The commune is back, with a startup twist and $7.3 million to spend.  Fast Company has a new article on Common, a new startup that leases apartments and turns them into co-housing communities:

Common members will pay on a month-to-month basis to stay in rooms throughout a network of houses for which the company provides shared items like pots and pans, living room furniture, and toilet paper; coordinates utilities like Wi-Fi and house cleaning; and plans community events like potluck dinners.

Common is trying to solve a problem that is familiar to Millennial city dwellers:

Screen Shot 2015-07-17 at 1.03.25 AMThe problem that Common aims to solve is compelling: In addition to being expensive, finding a solo apartment in a market like New York City often comes with requirements that recent college graduates aren’t likely to meet—two years of tax returns showing a high salary, big bank accounts, or even just being in the city to attend in-person open houses. “Coliving” provides an alternative to finding roommates on Craigslist, and big players like WeWork have plans to pursue the business.

On their website, they promise:

Community: Common communities feature regular talks, dinners, gatherings, and other places to meet your fellow residents and neighbors.

Flexibility: Move between Common communities – or leave the network entirely – with only a month’s notice.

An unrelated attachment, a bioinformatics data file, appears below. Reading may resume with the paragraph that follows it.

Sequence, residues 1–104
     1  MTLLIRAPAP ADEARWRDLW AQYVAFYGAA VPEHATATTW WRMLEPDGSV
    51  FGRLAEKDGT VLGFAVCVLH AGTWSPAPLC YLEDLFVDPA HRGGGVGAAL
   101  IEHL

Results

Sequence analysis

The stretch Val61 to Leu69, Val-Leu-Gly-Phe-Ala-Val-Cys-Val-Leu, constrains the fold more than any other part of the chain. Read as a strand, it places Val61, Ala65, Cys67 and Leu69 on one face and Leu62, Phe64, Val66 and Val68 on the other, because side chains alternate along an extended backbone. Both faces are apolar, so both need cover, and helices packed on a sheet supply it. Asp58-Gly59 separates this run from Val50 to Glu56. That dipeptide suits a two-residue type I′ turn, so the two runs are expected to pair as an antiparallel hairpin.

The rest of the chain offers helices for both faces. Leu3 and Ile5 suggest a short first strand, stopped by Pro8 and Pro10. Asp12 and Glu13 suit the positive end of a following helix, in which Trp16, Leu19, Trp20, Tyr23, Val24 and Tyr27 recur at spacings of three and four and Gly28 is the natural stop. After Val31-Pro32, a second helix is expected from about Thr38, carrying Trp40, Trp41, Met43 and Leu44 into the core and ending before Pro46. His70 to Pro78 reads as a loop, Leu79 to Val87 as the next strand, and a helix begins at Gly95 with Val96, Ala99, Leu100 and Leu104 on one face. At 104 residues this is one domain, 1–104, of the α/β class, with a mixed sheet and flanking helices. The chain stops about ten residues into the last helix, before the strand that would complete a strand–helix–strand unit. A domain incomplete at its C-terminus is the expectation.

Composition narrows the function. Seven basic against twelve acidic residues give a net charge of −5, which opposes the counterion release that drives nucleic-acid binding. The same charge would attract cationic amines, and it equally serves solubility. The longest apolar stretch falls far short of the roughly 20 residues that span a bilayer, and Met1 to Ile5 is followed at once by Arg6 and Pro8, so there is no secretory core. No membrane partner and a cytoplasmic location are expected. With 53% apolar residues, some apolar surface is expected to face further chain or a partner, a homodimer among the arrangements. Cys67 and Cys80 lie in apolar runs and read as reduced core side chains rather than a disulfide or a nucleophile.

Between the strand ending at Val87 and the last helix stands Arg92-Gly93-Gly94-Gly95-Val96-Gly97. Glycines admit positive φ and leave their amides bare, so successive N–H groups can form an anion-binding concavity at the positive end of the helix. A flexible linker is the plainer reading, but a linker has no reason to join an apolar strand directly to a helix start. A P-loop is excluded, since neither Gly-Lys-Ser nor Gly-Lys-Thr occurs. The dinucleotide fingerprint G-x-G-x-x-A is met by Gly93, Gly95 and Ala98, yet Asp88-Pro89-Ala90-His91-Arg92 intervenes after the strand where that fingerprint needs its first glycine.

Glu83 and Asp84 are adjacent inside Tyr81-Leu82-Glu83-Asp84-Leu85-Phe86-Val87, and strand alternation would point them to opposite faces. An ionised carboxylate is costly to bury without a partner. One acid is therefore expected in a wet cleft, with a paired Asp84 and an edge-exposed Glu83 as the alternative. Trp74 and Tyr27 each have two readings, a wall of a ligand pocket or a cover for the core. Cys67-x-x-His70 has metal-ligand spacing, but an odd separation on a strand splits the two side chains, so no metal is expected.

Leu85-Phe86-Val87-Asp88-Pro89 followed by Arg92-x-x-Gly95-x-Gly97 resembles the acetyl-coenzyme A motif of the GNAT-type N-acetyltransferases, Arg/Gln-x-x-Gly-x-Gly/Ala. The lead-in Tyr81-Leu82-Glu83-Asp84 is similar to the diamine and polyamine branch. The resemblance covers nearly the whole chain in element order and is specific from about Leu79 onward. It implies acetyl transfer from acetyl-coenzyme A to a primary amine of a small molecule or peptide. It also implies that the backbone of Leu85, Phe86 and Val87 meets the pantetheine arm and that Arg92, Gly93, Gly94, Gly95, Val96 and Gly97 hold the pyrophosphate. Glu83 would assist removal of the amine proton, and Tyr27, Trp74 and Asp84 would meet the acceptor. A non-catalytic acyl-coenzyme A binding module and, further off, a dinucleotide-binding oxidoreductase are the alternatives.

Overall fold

Security: Leave the roommate search behind. Every member of Common has been vetted and endorsed by a member of the community.

Millennial housing dreamers are wondering: Can Common succeed where other recent co-housing startups, like Campus, have failed?

Tiny house neighborhoods for the unhoused

We at the Millennial House Lab are huge supporters of a recent trend to house the unhoused with tiny house neighborhoods.

A great example is Quixote Village in Olympia, Washington:

Quixote Village grew from the vision of a self-governing tent camp of homeless adults in Olympia, Washington.  The Village consists of 30 tiny cottages, a large vegetable garden and a community building that contains showers, laundry facilities, a communal kitchen and living and dining space.  Village residents moved from Camp Quixote to the Village on Christmas Eve, 2013.

Two things stand out about the Village.  First, its neighborhood design, which houses residents around a central shared area:

quixote villageThe second is the self-government of the neighborhood:

The tradition of resident self-government began with the founding of Camp Quixote – a tent camp for homeless adults – in 2007.  The first residents established a simple code of conduct that all residents agreed to live by.

In the six+ years of the Camp’s existence, residents interviewed and voted on whom to admit to the Camp, and when to expel someone who didn’t follow the rules.  They also elected leaders every six months, and the leaders assigned chores, collected dues of $20 a month and managed the funds to provide paper plates, and other supplies.

Read more about Quixote in their New York Times feature from last year.